Swimming pool owners have an important goal when it comes to their pools: maintaining crystal-clear, sanitary water. Most pool owners sanitize water by adding a disinfectant--usually chlorine--but sometimes it's necessary to take steps to address cloudiness by adding a clarifier. When cloudiness becomes severe, or there is an algae problem, it may be necessary to add a flocculent. Flocculants are similar to clarifiers, but they coagulate contaminants into large particles that sink to the bottom of the pool rather than getting sucked through the filter. From there, you can vacuum them out of the pool.
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When Do You Need to Flock?
Typically, you need clarifiers and flocculants when swimming pool water is cloudy, yet chemical levels are correct and filtration units are working fine. Often, fine particulate matter that leads to cloudy pool water ends up in a pool after heavy winds and rain. Also, shocking the pool often leaves a residue of fine particulate matter that needs to be removed. When you shock the pool to get rid of algae or other organic matter, the residue includes dead algae, as well as other particulate matter that escapes filtration.
Compared to adding a clarifier, flocking is an extreme treatment--and it involves more work. If the water is only mildly cloudy, it's better to stick with the clarifier, which coagulates contaminants into smaller particles that the pool filter can remove.
How to Flock
Most commercial pool flocculants contain aluminum sulfate, or alum, which has been used as a water clarifier for centuries. The typical dose of alum needed to address a pool's cloudy water is approximately 4 pounds per 10,000 gallons. Alum fell into a period of disrepute in the 1970s, when it was suspected as a cause of Alzheimer's. This suspicion has been debunked, but as a result, some products use polymers instead of alum. If you choose one of these, consult the container for the proper amount to use. Be careful not to add too much -- excessive flocculant can actually make the water cloudier.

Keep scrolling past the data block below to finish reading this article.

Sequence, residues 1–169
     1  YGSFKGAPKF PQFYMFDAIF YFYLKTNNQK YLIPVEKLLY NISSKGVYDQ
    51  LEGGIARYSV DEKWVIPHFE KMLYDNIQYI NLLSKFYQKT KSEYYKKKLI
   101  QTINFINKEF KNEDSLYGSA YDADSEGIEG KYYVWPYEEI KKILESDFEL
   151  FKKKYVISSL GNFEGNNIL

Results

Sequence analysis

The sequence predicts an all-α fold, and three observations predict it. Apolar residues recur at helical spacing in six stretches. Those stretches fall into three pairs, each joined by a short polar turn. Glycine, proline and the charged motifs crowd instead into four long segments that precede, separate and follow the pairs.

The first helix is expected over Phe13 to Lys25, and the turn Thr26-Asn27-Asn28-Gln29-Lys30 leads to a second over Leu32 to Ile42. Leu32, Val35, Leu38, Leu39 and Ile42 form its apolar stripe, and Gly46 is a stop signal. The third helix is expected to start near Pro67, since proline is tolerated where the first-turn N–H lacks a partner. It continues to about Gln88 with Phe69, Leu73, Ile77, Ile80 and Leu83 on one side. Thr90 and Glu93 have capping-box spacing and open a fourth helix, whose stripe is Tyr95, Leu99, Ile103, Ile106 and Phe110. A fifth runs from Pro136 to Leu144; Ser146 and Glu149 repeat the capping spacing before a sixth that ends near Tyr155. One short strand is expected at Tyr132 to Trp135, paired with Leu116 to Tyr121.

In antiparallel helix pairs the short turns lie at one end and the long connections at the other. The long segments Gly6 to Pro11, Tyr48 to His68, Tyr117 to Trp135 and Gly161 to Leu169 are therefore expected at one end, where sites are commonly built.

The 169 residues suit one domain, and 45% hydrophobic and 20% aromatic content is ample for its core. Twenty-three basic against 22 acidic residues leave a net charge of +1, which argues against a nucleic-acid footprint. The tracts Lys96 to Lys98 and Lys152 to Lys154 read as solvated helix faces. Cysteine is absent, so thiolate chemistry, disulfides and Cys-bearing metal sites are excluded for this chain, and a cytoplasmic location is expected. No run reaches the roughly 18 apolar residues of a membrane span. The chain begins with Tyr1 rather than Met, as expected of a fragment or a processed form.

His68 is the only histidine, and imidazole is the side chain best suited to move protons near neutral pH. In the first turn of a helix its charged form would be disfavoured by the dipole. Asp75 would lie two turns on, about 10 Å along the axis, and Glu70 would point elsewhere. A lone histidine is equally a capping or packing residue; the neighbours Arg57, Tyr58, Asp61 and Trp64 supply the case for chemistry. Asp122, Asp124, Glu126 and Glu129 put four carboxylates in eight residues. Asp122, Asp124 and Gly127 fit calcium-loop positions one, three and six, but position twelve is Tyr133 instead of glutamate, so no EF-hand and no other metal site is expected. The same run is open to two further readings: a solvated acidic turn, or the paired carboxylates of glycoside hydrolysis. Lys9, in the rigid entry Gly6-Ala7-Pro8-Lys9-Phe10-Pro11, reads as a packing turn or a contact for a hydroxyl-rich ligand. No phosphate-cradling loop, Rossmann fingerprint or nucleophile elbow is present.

Before you add flocculant, adjust the chemical balance of the pool water, paying particular attention to pH, total alkalinity and water hardness. It's also important for the water to have sufficient chlorine (minimum, 1 ppm). Backwash the pool filters before flocking, then broadcast the floc over the water. Run the circulation pump for two hours, occasionally brushing down the sides of the pool. Then turn the pump off, and leave it off for 12 to 24 hours. This allows the sediment to fall to the bottom of the pool.
The sediment should be visible as a cloudy film on the bottom of the pool. Vacuum this film away, using the pool vacuum set to waste. You'll probably lose a significant amount of water during this process, so run a garden hose into the pool to replace it.
Check the Pool Filters
Large particles of sediment that you can vacuum away will sink to the bottom of the swimming pool. Some of the sediment, however, won't be large enough to sink, and may end up in the pool's filtration unit. It can clog the filter, but you can prevent his by backwashing, or reversing, the filter as needed.
Chris Deziel is a contractor, builder and general fix-it pro who has been active in the construction trades for 40 years. He has degrees in science and humanities and years of teaching experience. An avid craftsman and musician, Deziel began writing on home improvement topics in 2010. He worked as an expert consultant with eHow Now and Pro Referral -- a Home Depot site. A DIYer by nature, Deziel regularly shares tips and tricks for a better home and garden at Hunker and Family Handyman.